This Article is From Sep 14, 2022

Diabetes Insipidus: What Is Diabetes Insipidus? Here's Everything You Need To Know

Diabetes Insipidus: Despite the similarity in sound between the phrases "diabetes insipidus" and "diabetes mellitus," they are unrelated. Here's what you must know.

Diabetes Insipidus: What Is Diabetes Insipidus? Here's Everything You Need To Know

Diabetes Insipidus: DI can cause constant need for urinating

What is diabetes insipidus?

A rare illness called diabetes insipidus disrupts the fluid balance in the body. You create a lot of urine as a result of this imbalance. Even if you have not had anything to drink, it also makes you really thirsty.

Despite the similarity in sound between the phrases "diabetes insipidus" and "diabetes mellitus," they are unrelated. Diabetes mellitus, which can occur as type 1 or type 2 and involves elevated blood sugar levels, is a prevalent condition that is frequently referred to as “diabetes."

It is not possible to treat diabetic insipidus. But there are treatments that can quench your thirst, lessen your urination, and keep you from becoming dehydrated. Diabetes insipidus is an uncommon but manageable illness that results in excessive urine production and impaired water retention in the body. Depending on the reason, diabetes insipidus can be transitory, chronic (lifelong), mild, or severe.

What causes DI?

Antidiuretic hormone, also known as vasopressin, is primarily responsible for diabetes insipidus. Either your body doesn't produce enough of it or your kidneys don't utilise it properly.

People who have diabetes insipidus frequently urinate in big amounts and consume a lot of water because they are always thirsty. If you have diabetes insipidus and don't consume enough liquid to replenish the water lost through urination, you risk becoming dangerously dehydrated.

What is ADH?

Your brain produces an antidiuretic hormone (ADH, also known as vasopressin), which your pituitary gland then stores and secretes.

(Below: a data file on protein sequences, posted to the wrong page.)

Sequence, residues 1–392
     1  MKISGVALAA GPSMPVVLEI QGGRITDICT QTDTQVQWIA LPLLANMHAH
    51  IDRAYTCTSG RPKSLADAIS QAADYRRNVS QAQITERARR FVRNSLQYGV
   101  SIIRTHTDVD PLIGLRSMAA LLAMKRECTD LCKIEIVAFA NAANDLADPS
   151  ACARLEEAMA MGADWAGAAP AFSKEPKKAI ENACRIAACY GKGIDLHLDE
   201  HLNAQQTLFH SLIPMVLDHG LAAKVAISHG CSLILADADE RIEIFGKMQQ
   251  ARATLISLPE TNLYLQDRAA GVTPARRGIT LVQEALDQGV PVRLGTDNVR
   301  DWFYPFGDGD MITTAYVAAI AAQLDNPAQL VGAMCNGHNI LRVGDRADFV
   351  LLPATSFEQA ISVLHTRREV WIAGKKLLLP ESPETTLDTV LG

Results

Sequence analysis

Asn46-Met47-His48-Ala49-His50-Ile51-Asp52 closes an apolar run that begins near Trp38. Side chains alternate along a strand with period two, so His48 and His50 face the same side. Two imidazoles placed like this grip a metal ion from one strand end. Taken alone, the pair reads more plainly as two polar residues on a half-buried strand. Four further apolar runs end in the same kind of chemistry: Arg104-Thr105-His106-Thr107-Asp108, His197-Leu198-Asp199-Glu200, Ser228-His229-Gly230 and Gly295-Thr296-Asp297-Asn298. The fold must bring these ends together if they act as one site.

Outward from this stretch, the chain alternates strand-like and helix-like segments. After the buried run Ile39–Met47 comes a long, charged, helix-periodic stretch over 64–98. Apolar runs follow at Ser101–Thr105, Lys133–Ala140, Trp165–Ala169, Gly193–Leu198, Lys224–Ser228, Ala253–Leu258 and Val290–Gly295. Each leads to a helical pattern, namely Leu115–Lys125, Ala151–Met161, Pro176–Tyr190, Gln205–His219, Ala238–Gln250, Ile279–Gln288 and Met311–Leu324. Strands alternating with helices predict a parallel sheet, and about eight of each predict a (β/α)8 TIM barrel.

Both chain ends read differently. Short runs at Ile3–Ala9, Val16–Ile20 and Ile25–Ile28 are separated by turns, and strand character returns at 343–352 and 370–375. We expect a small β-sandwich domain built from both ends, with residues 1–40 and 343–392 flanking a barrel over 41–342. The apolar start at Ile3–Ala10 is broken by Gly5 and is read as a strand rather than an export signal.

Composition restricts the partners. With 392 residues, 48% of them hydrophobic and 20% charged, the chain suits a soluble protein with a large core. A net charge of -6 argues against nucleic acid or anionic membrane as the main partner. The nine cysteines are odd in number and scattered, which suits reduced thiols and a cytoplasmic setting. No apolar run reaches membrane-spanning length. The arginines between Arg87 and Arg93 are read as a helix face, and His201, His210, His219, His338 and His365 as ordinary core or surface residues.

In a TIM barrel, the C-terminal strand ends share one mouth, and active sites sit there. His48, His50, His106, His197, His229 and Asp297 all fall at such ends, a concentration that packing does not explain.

Hormones are substances that communicate with your organs, skin, muscles, and other tissues through your blood to coordinate various bodily functions. These messages instruct your body on what to do and when.

Your brain's hypothalamus regulates both the function of your pituitary gland and your autonomic nervous system. Your pituitary gland receives the ADH it produces and stores it for later release.

The pituitary gland is a little gland that is situated beneath the hypothalamus at the base of the brain. It is a component of your endocrine system and is responsible for producing, storing, and releasing a variety of critical hormones.

What are the symptoms?

Symptoms can help one navigate whether or not they are suffering from a certain condition. Here are some of the common symptoms of DI:

  • Extreme thirst
  • More than 3 litres of urine every day
  • Often leaving the bed at night to go
  • Sleeping while peeing (bed-wetting)
  • White-coloured urine
  • Low measured urine concentration
  • Dehydration
  • Weakness
  • Muscles aches
  • Irritability

How are diabetes insipidus and diabetes mellitus different?

Diabetes mellitus and diabetes insipidus are two distinct diseases with different symptoms and modes of management. Since they both result in increased thirst and frequent urination, they are both referred to as “diabetes."

Diabetes mellitus, sometimes referred to as Type 1 diabetes, Type 2 diabetes, or gestational diabetes, is a condition that develops when your pancreas either produces insufficient amounts of insulin or improperly uses the insulin that is produced by your body. In order to convert the food you eat into energy, your body needs insulin.

When your body doesn't produce enough antidiuretic hormone (ADH) or your kidneys don't use it properly, diabetes insipidus develops. ADH is required by your body to retain the proper amount of water. Your body loses water through urination without ADH.

Who is prone to DI?

Diabetes insipidus is more likely to occur if you:

  • have a history of diabetes insipidus in your family.
  • had a serious head injury or brain surgery.
  • Take drugs that may damage your kidneys.
  • possess specific metabolic conditions, such as excessive blood calcium or low blood potassium levels.
  • You have the chance of getting diabetes insipidus if you're pregnant.

Correct research can help you understand and even prevent many conditions. Contact your doctor if you think you might possess symptoms of DI.

Disclaimer: This content including advice provides generic information only. It is in no way a substitute for a qualified medical opinion. Always consult a specialist or your own doctor for more information. NDTV does not claim responsibility for this information.